Rainy days can present quite a challenge for parents and caregivers of preschoolers. If you have a small room or home, it can be even more of a challenge. If you need some ideas for activities for your preschooler(s), keep reading. You can make a rainy day into a fun day!
Dancing with Ribbons and Scarves
This is just as fun with a group of preschoolers as with one. Pieces of cloth, ribbon, scarves, and so forth can be used to make a fun, swirling dance. Groups can weave in and out of a circle of other kids and adults; a single preschooler can enjoy dancing together around the room. Choose interesting music for your dancing. Change the music from slow to fast and dance in a way that expresses the feelings conveyed in the music.
Make Musical Instruments
All kinds of common household objects can be made into instruments. Here are some ideas.
Cylindrical containers with plastic lids (such as those that hold oatmeal, cocoa, coffee, etc.) can be used as drums. Make it more fun and have your child decorate the outside.
Cardboard tube rhythm instruments can be made by putting some dried beans inside the tube, then sealing the ends with wax paper secured with rubber bands.
Shakers can be made by putting dried beans into empty bottles and capping them.
Rubber bands can be stretched over and around various hollow containers and boxes to make “guitars.” Tissue boxes, plastic food containers, and so forth can all be used.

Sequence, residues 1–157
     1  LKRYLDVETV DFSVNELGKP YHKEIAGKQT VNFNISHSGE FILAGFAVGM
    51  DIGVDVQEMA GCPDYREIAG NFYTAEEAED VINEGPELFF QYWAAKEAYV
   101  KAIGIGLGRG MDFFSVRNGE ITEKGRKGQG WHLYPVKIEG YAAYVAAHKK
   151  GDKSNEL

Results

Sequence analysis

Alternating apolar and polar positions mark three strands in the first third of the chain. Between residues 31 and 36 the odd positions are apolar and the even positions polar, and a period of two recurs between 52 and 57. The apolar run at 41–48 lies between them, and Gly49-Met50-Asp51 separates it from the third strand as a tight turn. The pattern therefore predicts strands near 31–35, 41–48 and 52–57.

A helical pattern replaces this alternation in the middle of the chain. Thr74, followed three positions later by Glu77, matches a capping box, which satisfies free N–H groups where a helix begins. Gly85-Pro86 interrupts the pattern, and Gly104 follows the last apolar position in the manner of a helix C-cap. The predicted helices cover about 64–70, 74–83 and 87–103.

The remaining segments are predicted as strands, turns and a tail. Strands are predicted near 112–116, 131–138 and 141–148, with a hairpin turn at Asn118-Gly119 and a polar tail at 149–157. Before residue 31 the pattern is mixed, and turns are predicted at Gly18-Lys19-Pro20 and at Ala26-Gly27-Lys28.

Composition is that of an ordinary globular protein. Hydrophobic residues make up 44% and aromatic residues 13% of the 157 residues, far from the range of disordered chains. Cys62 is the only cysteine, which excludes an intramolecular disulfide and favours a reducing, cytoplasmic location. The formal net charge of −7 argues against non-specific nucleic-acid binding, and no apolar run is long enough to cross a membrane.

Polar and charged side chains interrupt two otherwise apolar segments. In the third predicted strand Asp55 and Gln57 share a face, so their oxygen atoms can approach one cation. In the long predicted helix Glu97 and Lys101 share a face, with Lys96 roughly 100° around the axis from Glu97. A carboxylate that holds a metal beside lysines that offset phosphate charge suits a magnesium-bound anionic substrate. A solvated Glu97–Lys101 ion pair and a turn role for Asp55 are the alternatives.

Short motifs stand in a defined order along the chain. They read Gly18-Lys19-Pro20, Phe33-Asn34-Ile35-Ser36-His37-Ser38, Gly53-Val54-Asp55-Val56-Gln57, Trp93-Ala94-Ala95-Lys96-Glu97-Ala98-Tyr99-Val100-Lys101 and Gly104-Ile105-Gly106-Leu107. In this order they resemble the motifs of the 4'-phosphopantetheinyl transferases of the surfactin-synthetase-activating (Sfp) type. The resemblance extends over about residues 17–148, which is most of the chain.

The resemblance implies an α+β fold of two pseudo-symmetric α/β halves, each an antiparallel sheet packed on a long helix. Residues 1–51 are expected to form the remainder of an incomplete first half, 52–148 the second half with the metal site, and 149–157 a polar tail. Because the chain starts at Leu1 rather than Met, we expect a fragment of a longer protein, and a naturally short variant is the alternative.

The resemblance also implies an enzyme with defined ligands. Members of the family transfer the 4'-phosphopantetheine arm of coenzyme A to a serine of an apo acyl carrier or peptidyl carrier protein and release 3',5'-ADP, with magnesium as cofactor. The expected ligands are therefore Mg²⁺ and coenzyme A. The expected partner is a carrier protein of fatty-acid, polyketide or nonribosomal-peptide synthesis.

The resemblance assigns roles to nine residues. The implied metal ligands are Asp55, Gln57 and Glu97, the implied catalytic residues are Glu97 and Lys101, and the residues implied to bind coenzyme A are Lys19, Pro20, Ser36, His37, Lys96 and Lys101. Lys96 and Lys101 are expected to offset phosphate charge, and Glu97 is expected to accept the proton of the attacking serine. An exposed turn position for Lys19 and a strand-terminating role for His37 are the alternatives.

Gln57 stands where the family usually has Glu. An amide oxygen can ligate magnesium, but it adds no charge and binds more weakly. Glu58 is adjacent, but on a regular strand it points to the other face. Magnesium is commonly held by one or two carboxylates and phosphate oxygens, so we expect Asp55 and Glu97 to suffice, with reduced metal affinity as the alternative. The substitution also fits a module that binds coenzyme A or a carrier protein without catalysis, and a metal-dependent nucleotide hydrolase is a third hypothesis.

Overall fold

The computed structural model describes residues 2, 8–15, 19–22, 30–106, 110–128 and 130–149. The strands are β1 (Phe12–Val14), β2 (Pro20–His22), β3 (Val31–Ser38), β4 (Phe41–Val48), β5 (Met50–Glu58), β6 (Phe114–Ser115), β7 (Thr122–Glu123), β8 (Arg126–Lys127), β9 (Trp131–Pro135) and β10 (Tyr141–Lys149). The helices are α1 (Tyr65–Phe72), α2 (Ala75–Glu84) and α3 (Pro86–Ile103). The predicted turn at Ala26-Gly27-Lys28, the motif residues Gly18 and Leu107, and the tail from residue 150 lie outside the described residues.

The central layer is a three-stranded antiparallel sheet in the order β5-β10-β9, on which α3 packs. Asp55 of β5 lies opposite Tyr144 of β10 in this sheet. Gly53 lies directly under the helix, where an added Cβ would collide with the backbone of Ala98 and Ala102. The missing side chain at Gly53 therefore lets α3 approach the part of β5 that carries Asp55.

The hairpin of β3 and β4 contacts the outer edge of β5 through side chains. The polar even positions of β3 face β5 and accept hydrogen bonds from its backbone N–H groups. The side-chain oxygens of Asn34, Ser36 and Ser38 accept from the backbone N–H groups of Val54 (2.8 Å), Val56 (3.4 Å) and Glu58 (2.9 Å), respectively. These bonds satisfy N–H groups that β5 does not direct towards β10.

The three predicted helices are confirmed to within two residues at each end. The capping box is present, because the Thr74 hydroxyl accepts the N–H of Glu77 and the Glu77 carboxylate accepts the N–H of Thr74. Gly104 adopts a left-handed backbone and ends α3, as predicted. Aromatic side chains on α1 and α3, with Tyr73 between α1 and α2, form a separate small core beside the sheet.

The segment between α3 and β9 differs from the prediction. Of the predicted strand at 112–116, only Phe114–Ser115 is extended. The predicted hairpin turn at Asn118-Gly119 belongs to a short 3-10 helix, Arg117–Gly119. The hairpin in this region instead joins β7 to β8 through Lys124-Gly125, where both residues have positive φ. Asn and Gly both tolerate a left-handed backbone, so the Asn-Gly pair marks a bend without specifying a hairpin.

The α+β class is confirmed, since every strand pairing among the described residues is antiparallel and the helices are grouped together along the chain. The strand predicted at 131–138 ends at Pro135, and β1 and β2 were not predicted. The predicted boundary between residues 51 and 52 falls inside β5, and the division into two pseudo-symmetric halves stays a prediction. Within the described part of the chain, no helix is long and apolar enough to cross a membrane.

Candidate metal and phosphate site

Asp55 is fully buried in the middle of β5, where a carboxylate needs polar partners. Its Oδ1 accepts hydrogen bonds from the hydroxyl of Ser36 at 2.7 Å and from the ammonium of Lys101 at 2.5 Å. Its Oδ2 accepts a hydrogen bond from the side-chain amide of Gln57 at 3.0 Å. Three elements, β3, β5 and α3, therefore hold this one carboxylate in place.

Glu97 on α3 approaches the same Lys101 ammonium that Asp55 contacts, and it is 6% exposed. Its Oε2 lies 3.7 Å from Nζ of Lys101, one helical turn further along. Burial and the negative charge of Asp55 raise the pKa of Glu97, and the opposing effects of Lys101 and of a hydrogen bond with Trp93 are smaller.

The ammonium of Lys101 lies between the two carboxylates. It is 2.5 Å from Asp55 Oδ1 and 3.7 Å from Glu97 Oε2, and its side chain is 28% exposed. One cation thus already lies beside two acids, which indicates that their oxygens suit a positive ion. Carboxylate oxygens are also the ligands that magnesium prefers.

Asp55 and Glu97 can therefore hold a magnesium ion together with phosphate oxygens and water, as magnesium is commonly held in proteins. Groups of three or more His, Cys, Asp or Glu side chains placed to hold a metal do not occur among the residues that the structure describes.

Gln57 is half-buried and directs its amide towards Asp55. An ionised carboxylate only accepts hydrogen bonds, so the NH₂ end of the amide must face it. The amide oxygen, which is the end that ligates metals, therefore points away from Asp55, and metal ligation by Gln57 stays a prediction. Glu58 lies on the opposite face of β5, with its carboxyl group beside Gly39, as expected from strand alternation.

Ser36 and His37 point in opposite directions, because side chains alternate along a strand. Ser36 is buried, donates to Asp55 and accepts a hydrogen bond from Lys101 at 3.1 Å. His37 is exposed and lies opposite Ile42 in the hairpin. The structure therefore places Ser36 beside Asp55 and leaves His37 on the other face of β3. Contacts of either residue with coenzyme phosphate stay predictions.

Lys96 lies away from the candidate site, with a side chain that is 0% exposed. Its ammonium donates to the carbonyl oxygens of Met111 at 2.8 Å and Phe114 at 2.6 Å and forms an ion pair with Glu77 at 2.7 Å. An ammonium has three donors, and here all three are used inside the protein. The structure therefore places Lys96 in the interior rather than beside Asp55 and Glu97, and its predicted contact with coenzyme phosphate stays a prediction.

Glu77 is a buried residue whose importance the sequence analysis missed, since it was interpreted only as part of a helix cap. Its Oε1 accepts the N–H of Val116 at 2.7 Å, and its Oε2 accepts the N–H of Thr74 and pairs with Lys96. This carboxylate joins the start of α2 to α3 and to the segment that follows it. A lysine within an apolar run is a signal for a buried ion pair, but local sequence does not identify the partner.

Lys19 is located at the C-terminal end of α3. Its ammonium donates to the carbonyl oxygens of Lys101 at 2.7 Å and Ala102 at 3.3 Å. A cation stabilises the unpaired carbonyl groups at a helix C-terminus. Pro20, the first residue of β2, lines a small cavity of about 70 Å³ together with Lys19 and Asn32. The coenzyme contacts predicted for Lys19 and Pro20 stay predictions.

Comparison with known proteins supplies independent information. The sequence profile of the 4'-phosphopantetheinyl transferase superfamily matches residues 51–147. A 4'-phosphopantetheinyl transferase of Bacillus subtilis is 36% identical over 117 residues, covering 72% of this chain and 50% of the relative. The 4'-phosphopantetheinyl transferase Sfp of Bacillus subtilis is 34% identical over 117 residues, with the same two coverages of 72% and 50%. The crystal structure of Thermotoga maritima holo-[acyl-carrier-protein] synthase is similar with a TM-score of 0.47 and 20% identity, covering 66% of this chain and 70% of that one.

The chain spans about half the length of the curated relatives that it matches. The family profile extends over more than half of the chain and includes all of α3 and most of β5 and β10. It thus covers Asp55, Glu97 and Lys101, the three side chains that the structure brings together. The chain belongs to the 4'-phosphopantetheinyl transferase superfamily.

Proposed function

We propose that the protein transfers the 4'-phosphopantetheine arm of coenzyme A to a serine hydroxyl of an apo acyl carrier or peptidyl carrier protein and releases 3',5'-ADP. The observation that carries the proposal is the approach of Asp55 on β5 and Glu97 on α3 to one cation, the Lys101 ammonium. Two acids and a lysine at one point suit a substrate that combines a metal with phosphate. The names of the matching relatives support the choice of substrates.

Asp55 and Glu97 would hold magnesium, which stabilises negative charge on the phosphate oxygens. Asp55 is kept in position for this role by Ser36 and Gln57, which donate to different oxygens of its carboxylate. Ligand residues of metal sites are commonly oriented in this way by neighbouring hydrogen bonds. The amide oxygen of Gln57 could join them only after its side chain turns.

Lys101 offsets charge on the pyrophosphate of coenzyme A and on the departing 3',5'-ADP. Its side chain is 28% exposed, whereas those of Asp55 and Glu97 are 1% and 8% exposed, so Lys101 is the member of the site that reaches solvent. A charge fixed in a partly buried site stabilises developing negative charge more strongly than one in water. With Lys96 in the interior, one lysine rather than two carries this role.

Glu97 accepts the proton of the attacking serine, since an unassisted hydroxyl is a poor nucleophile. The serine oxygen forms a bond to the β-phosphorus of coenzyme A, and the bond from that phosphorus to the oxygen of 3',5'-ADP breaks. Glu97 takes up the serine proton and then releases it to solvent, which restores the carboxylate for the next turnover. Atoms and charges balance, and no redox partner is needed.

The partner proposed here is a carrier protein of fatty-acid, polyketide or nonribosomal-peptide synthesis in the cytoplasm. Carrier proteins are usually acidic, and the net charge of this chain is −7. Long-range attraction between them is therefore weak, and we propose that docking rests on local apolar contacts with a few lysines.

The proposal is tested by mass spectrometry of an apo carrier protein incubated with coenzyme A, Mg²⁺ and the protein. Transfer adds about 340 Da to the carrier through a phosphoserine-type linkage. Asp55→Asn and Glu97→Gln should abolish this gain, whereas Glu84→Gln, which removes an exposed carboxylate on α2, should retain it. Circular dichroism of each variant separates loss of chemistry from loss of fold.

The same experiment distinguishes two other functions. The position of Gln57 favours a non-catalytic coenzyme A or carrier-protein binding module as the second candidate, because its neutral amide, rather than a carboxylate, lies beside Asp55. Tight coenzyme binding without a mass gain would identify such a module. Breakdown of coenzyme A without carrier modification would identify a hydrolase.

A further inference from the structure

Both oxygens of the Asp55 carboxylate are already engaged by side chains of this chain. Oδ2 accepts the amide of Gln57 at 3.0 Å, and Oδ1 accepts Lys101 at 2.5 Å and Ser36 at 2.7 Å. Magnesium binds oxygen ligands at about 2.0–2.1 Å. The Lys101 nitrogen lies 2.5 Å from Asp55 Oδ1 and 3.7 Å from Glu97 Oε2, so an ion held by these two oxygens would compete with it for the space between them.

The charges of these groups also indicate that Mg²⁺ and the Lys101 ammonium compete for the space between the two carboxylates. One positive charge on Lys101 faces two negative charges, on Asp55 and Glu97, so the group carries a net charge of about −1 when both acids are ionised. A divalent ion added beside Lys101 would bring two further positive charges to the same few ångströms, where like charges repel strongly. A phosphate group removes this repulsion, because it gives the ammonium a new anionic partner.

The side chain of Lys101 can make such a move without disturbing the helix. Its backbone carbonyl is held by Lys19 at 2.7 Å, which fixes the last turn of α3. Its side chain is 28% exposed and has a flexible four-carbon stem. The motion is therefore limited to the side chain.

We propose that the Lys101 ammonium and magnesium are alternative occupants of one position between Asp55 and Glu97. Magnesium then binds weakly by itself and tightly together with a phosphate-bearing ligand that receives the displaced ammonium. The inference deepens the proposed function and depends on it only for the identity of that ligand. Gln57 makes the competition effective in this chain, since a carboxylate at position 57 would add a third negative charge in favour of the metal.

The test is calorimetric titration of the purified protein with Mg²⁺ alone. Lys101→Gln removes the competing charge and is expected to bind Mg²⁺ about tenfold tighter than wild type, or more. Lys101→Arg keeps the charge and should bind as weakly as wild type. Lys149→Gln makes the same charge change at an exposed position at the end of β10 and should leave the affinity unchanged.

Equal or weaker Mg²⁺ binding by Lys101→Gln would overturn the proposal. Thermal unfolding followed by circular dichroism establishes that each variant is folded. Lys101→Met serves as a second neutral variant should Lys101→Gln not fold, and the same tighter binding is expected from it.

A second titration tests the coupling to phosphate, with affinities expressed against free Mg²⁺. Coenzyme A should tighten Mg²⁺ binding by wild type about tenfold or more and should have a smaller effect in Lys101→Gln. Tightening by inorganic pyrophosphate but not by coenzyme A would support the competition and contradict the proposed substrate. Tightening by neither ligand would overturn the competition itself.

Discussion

Fill a series of drinking glasses with varying amounts of water and tap them to make various musical notes.
Raid your recycle bin and get out the plastic bottles. Set them up at the end of a room or hallway, and roll a soft ball toward them to knock them over.
Make a Fort
Throw a blanket over a table or some chairs to make a playhouse. Bring a flashlight in, and furnish the house with play food, child’s furniture, and so forth.
Clean Out Something
Believe it or not, many preschoolers love to see what’s in a “junk drawer” or messy area around your home. Make it a game, and see if your preschooler can identify all the objects and sort them into shapes and colors.
Cut fish shapes out of card stock or construction paper. Slip a paper clip onto each fish’s “mouth.” Then, tie a kitchen magnet onto the end of a string and attach the other end of the string to a stick or rod. See how many fish you can catch with the magnet, which will adhere to the paper clips.